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Sharia law review recommends civil marriage alongside religious ceremony

Date:5 FEB 2018
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An independent review into the application of sharia law in England and Wales published by the Home Office has recommended that Muslim couples must undergo a civil marriage alongside a religious ceremony, in a move expected to give Muslim women increased legal protection.

Senior associate Augustus Della-Porta from Bates Wells Braithwaite LLP said that the review serves as an ‘important reminder  that sharia councils are primarily decision-making bodies’, highlighting that  the right to a civil divorce will ‘reduce the need to access sharia councils’.
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The report focuses on the work of sharia councils, originally set up in the UK in the early 1980s to grant women Islamic divorces in cases where the husband was refusing to divorce them. The review was launched in May 2016 by former Home Secretary Theresa May, and finds that while many aspects of sharia have been modernised, many Muslim societies still ‘observe rulings of classical jurisprudence’, whereby Islamic marriage and divorce disputes are settled solely by sharia councils.

The review was led by Mona Siddiqui and the panel includes family law experts, a retired High Court judge and two imams. The review makes several recommendations, which include a legal requirement to civilly register marriages and to increase awareness campaigns and educational programmes for both women and sharia councils.

Legislative changes

The first recommendation is a legislative change to ensure that civil marriages are conducted before or at the same time as the Islamic marriage ceremony. This proposed amendment to the Marriage Act 1949 would bring Islamic marriage in line with Christian and Jewish marriage in the eyes of the law. This is arguably the most important recommendation put forward; senior consultant lawyer Aina Khan OBE says that ‘by linking Islamic marriage to civil marriage – as happens in all Muslim countries – Muslim women are given the full protection of civil family law’. Accordingly, a greater number of women are expected to face less discriminatory practices.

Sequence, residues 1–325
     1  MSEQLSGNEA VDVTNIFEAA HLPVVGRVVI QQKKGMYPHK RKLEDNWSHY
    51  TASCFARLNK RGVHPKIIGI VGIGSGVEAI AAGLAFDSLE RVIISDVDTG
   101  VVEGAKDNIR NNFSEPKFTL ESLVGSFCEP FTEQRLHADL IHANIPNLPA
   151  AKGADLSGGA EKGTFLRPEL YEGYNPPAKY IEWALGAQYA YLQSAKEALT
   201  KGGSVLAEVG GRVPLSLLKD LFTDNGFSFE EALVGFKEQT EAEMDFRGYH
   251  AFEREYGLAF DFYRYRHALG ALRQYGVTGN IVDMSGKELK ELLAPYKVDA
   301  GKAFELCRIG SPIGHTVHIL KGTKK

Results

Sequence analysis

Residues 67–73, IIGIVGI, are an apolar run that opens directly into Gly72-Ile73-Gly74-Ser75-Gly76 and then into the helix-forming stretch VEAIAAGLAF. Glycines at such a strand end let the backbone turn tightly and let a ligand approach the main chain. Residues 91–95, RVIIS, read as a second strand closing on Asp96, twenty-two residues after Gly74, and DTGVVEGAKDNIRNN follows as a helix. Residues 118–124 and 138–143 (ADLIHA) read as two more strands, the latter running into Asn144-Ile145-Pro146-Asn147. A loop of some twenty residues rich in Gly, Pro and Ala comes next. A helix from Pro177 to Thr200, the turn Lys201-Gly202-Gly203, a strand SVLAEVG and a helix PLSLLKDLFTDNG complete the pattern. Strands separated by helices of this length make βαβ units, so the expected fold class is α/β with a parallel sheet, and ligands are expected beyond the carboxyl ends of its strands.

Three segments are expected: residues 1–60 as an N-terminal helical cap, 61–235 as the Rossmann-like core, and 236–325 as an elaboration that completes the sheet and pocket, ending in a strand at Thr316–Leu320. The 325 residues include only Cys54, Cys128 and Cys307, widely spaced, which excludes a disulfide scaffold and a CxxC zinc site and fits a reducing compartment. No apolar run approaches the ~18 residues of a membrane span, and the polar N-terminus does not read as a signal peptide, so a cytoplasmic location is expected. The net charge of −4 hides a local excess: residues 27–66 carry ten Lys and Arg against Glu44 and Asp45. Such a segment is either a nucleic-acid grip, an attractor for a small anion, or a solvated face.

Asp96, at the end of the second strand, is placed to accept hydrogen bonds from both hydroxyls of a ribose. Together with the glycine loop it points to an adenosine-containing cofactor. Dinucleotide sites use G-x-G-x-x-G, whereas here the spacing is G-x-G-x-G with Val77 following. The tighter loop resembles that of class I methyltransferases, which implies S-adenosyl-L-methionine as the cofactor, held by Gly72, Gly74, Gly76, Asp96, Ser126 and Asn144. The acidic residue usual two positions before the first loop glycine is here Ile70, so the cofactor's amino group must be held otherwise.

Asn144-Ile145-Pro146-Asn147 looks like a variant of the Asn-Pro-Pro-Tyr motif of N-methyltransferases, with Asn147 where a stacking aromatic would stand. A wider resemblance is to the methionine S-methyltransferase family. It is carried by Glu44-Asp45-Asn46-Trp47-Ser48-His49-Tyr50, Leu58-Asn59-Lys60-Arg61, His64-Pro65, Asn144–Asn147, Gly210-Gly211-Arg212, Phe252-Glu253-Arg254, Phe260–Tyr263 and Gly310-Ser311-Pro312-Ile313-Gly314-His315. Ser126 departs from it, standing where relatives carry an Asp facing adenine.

Awareness campaigns

Another recommendation is to introduce awareness campaigns and educational programmes to ‘educate and inform women of their rights and responsibilities, including the legal protection that civilly-registered marriages provide’. Della-Porta says that these campaigns would equally raise awareness within sharia councils of how to ‘operate within the law and comply with best practice’, however, it is 'unclear who will deliver these campaigns and how these will reach the audience intended’.

Regulation of sharia councils

The review proposes the ‘the creation of a body by the state with a code of practice for sharia councils to accept and implement’. However, the review rejects the possibility of self-regulation, as evidence shows councils would not be able to self-regulate mainly due to a Sunni tradition that states ‘each Mosque is an independent body not susceptible to the authority of any other mosque or council’.

The report outlines that no sharia councils opposed some form of regulation, and some even ‘positively welcomed it’.

The growing practice of ‘sharia-compliant’ legal services

The review informs sharia councils that any arbitration that sought to apply sharia law in respect of financial remedies and/or child arrangements would breach UK law. Importantly, however, it highlights a growing practice of law firms advertising ‘sharia-compliant’ services alongside their mainstream civil law services. Della-Porta says this gives the incorrect impression that ‘in addition to civil law remedies, redress to sharia councils is required...it is likely that the Law society will be looking into this further’.

The Home Office said it would carefully consider the review’s findings and other recommendations.